The panels 38 are positioned side by side in the channel 16. Resilient spacers 21, which may be strips of sponge rubber, compressible tubing, or other conformable material are inserted between the abutting longitudinal edges of the wall panels 38. These spacers permit proper fitting of the panels to achieve the desired wall length with a relatively large tolerance in panel width. The spacers are wide enough to conform to any irregularities in the panel edge to close what would otherwise be cracks between the panels. The spacers are fastened to one panel and are compressed against the other panel of each abutting pair. In addition, the spacers 21 dampen wall panel vibration and help to reduce sound transmission through the Walls. Finally, the upper channel 15 is placed on the top of the wall panels 38 as shown.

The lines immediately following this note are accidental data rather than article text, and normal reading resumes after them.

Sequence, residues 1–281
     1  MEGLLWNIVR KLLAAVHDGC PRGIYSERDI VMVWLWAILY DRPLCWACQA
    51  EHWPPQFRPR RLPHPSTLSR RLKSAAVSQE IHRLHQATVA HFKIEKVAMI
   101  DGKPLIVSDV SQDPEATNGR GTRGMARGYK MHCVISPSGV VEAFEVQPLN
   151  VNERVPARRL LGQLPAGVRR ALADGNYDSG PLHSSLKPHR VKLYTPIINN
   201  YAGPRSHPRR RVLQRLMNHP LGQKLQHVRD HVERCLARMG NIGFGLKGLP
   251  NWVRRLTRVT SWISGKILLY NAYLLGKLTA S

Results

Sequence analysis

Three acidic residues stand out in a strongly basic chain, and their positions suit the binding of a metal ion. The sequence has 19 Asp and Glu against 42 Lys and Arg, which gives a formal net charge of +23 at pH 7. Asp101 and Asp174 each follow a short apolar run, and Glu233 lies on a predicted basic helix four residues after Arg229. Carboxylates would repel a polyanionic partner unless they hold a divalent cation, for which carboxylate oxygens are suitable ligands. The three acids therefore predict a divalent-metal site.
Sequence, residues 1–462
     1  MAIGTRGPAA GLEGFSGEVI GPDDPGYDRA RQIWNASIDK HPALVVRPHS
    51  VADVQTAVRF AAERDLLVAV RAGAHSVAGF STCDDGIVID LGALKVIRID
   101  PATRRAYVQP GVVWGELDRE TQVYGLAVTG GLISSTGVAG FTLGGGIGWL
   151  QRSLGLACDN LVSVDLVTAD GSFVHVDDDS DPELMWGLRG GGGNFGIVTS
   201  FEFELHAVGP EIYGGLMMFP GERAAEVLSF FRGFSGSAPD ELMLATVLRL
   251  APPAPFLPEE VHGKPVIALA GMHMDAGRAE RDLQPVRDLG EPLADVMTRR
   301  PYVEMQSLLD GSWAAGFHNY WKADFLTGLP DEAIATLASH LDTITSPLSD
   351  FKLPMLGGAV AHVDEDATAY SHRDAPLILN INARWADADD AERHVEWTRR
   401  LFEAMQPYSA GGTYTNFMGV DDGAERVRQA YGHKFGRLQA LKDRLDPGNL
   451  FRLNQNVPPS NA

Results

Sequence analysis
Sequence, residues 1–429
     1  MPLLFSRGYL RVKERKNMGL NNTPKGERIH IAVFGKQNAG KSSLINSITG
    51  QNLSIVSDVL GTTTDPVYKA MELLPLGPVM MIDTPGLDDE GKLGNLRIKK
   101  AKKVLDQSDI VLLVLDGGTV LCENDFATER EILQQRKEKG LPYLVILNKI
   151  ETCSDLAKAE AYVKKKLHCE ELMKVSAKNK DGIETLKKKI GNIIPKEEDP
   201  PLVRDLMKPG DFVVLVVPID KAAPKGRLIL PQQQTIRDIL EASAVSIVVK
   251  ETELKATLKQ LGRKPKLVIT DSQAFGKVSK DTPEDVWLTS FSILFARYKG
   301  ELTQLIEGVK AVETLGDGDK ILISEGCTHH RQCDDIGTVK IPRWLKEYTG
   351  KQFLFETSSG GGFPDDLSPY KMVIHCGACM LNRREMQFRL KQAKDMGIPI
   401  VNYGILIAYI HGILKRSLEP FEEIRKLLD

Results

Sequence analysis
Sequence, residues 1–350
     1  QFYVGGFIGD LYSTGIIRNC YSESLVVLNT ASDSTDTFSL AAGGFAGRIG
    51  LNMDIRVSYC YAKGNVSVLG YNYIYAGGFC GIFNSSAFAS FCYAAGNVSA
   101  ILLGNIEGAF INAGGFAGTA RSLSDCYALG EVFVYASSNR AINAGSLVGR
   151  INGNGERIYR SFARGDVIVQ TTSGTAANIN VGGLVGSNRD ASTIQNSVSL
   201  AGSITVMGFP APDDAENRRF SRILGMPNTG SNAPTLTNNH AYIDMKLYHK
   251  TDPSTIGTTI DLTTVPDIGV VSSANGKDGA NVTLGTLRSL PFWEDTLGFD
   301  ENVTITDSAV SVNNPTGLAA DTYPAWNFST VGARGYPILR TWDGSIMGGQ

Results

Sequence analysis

The channels 15 and 16 are made in sections of standard length and if more than one length is necessary two channel sections are placed end to end. The lower channel sections comprising channel 16 are held properly aligned by the support legs 19 and the wall panels 38, which are inserted in the channel groove. The upper channel 15 is held onto the panels 33 simply by the sides of the panels 38. The upper channel is also fastened to the main wall of the building at its ends, or to another channel, as at corner 14. The channel sections are cut to lengths so that all joints between channel sections fall near the center of a wall panel. The panels will thus be held in a common plane and will not cock or skew.